If Russian politicians had pointed out this major logical flaw in the American politicians’ argument, they would have undermined the entire foreign relations platform of the United States. So why didn’t they? The reason is simple; they were playing the same trick on their own citizens, although they were worried about democracy and attacked capitalism. Of course, it is possible for capitalism to be compatible with political systems besides democracy, an excellent example being the combination of totalitarianism and capitalism in Nazi Germany.

The Stalinists and the libertarians were in this mutually benefiting cycle of misinformation. They both wanted the general population to believe that the political and economic systems each ideology endorsed could only exist within that ideology, and so they painted each other and themselves with the same brushes, brushes so broad that eventually the general population did not know what the words meant. This pattern kept on repeating and reinforcing itself until an ultimate meaningless word was created: socialism.

According to the Internet Encyclopedia of Philosophy, a peer-reviewed academic resource, the term ‘socialism’ refers to both an economic system and an ideology. To make matters worse, socialism the ideology is defined as any ideology that advocates for socialism the economic system, which in turn is defined as any economic system that, “features social rather than private ownership of the means of production.” It is hard to stress just how vague these definitions are.

I want you to image three different societies. The first society has a government that owns all the raw natural resources and sells them to competing individuals, who then use the unprocessed resources as they see fit. The second society lacks the concept of ownership to such an extent that they do not even understand what sharing is, since the possibility of sharing implies the possibility of denying others access to something. In the final society, the government owns all property. 

These three very different societies have little in common. Someone migrating from one of these societies to another would probably suffer such severe culture shock that they would be non-functional for quite a period of time. However, all of them are examples of socialism the economy, which means that any ideology that views any of these societies as morally acceptable is an example of socialism the ideology.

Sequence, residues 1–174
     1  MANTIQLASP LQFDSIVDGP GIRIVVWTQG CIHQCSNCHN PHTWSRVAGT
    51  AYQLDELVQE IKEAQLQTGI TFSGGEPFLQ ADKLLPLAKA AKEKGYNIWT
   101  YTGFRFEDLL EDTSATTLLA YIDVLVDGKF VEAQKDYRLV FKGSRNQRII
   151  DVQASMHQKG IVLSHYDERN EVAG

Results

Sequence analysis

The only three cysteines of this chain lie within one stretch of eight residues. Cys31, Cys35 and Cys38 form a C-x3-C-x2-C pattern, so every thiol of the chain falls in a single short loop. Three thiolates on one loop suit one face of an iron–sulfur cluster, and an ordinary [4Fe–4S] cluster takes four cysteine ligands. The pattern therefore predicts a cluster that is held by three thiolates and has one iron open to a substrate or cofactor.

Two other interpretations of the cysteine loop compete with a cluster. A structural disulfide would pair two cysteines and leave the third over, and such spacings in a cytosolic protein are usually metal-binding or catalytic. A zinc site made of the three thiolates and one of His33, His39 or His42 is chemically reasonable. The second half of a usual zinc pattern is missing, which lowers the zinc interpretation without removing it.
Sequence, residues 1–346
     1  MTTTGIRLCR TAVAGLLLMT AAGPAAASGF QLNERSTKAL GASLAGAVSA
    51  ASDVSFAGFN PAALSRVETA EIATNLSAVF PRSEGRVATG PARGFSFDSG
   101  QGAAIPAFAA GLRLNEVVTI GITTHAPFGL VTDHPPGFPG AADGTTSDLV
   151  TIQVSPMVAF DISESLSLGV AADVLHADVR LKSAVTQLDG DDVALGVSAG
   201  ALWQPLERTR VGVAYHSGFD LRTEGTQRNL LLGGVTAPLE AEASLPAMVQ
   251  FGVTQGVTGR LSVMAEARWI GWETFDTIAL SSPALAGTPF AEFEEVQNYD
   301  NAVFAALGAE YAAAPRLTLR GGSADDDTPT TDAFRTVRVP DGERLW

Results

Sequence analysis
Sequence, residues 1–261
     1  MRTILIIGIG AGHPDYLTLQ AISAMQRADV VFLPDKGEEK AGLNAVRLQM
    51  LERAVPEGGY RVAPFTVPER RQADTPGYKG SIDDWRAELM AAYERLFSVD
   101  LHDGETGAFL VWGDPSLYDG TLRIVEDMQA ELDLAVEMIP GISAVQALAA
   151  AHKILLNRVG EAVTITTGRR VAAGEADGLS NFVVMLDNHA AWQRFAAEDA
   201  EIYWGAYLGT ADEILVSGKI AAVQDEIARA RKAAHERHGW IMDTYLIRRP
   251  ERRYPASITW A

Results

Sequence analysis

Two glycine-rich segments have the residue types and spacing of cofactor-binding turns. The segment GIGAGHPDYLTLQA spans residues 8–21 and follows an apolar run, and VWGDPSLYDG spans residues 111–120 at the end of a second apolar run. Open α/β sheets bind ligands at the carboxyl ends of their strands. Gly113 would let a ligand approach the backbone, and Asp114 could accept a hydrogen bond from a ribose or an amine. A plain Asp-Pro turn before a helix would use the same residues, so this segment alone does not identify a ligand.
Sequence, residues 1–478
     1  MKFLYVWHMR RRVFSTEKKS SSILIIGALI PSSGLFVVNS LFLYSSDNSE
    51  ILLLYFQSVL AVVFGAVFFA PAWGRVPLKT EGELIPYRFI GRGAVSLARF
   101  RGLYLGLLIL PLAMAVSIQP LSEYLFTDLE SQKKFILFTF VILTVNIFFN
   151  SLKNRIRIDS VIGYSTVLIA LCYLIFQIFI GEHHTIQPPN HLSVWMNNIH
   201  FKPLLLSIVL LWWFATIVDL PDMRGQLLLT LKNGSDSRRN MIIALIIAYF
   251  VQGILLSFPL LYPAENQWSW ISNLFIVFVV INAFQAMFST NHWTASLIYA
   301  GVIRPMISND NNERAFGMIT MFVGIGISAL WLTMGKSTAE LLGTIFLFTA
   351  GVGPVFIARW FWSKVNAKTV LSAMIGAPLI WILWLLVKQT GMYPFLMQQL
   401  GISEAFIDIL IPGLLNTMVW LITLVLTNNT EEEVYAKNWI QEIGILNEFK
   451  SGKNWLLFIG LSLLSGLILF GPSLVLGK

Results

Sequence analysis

Socialism is so vague that every economic system that has existed in an industrialized nation that has not been capitalism has been some kind of socialism. Maybe you think we just hit on something here. Maybe socialism is the opposite of capitalism. Nope. Let me introduce you to the market socialist, people who support socialism and capitalism. 

Socialism is a word so vague that it fails at its basic function as a word. Look at what information can be deduced from the sentence, ‘John is a socialist.’ From just this sentence, is it possible to deduce that whether John supports or fights totalitarianism? No. Can we deduce whether he is for or against anarchy? Nope. Is he democratic? Who knows!? There have been examples of socialists with every one of these six views throughout history. In theory, a socialist can support any political system imaginable because socialism is defined only in terms of economics, even though as an ideology it is composed of two other parts.

Speaking of which, let’s talk about the philosophical justification of socialism. Pick a philosopher. Did they say that the only justifiable economic system is laissez-faire capitalism? If you answered no, then it is possible to use their work to support socialism. 

Personally, I am just tired of economics, not to insult any economics majors reading this. Ideologies have three parts; politics, economics and philosophy. Humanity, as a collective whole, has spent the last century and a half debating and analyzing economics with an unparalleled intensity. Is it too much to ask to want to talk about politics or philosophy without the conversation veering off into economics? Can’t we just move on to the other two-thirds of what ideologies say?

It is like: “Oh yeah, look over there! In 2009, some guy named Armin Meiwes killed and ate someone, and libertarians defended him. What a refreshingly new and interesting topic! Mr. Libertarian, how do you justify this massive hole in your ideology? What was that? You would rather talk about the efficiency of free markets for the hundredth time? Do you have anything new to bring to the conversation? No, you just want to review what has been said a thousand times before in a thousand different ways by a thousand different people? You sure you want to leave the whole ‘nothing is wrong with eating someone alive’ thing hanging? I think allowing crimes against humanity, nature and basic human dignity are a deal breaker for most people, but I could be wrong. Maybe people are fine with the most disgusting act possible being not just allowed but praised.”

I really like the approach of John Rawls, a philosopher who made a career analyzing justice and fairness. He said that all social systems should be set up to be fair, where social systems refer to the economics, law, family structure, culture, artistic expression, etc. Whatever economic system the economics decides meets that criteria, he is fine with. It is like how people can have sound positions on patient rights even though they are not doctors. It is just so refreshing, so freeing. We can just talk about other the dead horse of philosophy, economics.